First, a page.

Fly Me to the Moon Volume Five has a strong focus on Tsukasa and on some of the characters trying to get to know her better.
Fly Me to the Moon Volume Five
Written by: Kenjiro Hata
English Publisher: VIZ Media
Release Date: May 11, 2021
The volume opens with Tsukasa offering to help Kaname get the bath house ready for the day. As they spend time together, Tsukasa learns just how much Nasa has modified various piece of technology for the bath house in order to make things more efficient. This helps to illustrate just how little Tsukasa truly knows about her husband and that she has more she has to learn about him. But Tsukasa impresses Kaname with how well she cleans the bath house. Through these interactions, Tsukasa and Kaname become friends.
However, there’s quite a focus on Kaname’s older sister, Aya, who had had a crush on Nasa. She finally realized in Volume Four that Nasa and Tsukasa are married, and she hasn’t taken it well. Since Nasa and Tsukasa are still boarding in the spare room at the bath house, this gives Aya an opportunity to get to know Tsukasa. The funny thing is, she goes into this thinking she’ll find something negative about Tsukasa, but that doesn’t happen. Instead, she finds that Tsukasa is a good cook and that she’s an almost equal match to her when it comes to video games. Of course, this result was predictable (which is something Kaname even comments on by breaking the fourth wall), but it was still kind of amusing to see. I was glad to finally see Aya get a storyline that focused on her, since prior to this point, she had been more of a background character.
We also get the occasional lovey-dovey story of Tsukasa and Nasa as they navigate their relationship, and it’s obvious that things are still a little awkward between them. One of these stories sees Nasa buying a smartphone for Tsukasa and taking her on a date to an aquarium. It was kind of amusing to see him think about the various things that could go wrong on the date that he’s seen in entertainment, but none of it ends up happening. Nasa has book smarts and is creative, but sometimes he seems to be lacking in common sense. But I think this is part of what makes him an endearing character to the reader. When Tsukasa gets the smartphone, she starts getting into various apps and learns about various ones from Nasa, Aya, and Kaname. I wonder if Hata will end up pursuing anything further with Tsukasa and her smartphone, especially in regards to social media. I can’t believe that the phone was bought just to be referenced in this one story.
Volume Five also sees the return of Tsukasa’s sister, Chitose. She discovers that the apartment Tsukasa and Nasa lived in has burned down. Just when Chitose is about to go searching for Tsukasa, she happens to come by as she’s heading home from a trip to the grocery store. Tsukasa knows that Chitose is gullible, so she tries to make it sound like she and Nasa are now living in a park nearby in the hopes of giving Chitose the slip. Unfortunately, this doesn’t work and Chitose tracks them down. This particular story doesn’t truly advance the plot, it’s just something humorous. Chitose tries to convince the two of them to move in with her, and the bargaining Chitose does to try to convince Tsukasa is what provides the humor. While it was nice to see Chitose return, since she was absent from the previous volume, her appearance here doesn’t truly add anything to the story.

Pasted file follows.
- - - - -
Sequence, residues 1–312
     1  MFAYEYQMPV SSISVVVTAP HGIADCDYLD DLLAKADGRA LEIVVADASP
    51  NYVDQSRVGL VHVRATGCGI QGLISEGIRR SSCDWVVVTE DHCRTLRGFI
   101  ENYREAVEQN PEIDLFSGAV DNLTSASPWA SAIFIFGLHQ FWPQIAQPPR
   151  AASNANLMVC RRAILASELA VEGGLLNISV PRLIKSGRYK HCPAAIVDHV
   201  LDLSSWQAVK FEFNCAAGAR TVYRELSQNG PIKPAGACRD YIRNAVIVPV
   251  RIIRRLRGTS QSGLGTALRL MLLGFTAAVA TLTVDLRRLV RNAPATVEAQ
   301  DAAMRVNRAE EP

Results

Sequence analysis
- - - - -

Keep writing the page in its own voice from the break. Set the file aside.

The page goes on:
An interesting story is Nasa running into his teacher from junior high. She’s been thinking about him, since he dropped out of high school and never graduated. They have a chance meeting, and when the teacher discovers Nasa is married, she declares that she will make a home visit (never mind that Nasa is no longer her student). As expected, the teacher is impressed with Tsukasa, and the interactions the teacher has with our protagonists convinces her she needs to slow down and enjoy life a little more.
The bonus chapter included at the end of the chapter is simply an extension of the awkwardness Tsukasa and Nasa have, especially when it comes to being more physically intimate. I was left to wonder why this was a bonus chapter, because this would have worked just as well as a regular chapter for the manga. Generally, it seems like when a bonus chapter is included, it usually is a story that just wouldn’t fit in or work well with the main storyline of the manga. So to me, this “bonus chapter” didn’t really feel like a bonus.
It seems that for me, at least, I’ve gotten to a point in the series where the interactions and lovey-dovey storylines between Tsukasa and Nasa have become less cringeworthy. Either I have become acclimated to this aspect of the series, or Hata has finally found a way to make these two and their relationship feel less saccharine. This is still a light-hearted manga, but this volume feels like it’s a little more rooted in reality. It’ll be interesting to see if this trend continues with Volume Six, or if we return to the more saccharine and cringeworthy aspects of the series.
The reviewer was provided a review copy by VIZ Media
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